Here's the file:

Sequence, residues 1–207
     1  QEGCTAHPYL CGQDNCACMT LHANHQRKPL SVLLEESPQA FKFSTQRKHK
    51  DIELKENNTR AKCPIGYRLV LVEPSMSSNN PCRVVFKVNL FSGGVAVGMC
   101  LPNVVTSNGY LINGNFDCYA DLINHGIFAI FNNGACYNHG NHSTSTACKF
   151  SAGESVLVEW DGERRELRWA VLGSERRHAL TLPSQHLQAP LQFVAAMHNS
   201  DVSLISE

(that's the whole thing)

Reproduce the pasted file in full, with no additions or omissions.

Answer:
Sequence, residues 1–207
     1  QEGCTAHPYL CGQDNCACMT LHANHQRKPL SVLLEESPQA FKFSTQRKHK
    51  DIELKENNTR AKCPIGYRLV LVEPSMSSNN PCRVVFKVNL FSGGVAVGMC
   101  LPNVVTSNGY LINGNFDCYA DLINHGIFAI FNNGACYNHG NHSTSTACKF
   151  SAGESVLVEW DGERRELRWA VLGSERRHAL TLPSQHLQAP LQFVAAMHNS
   201  DVSLISE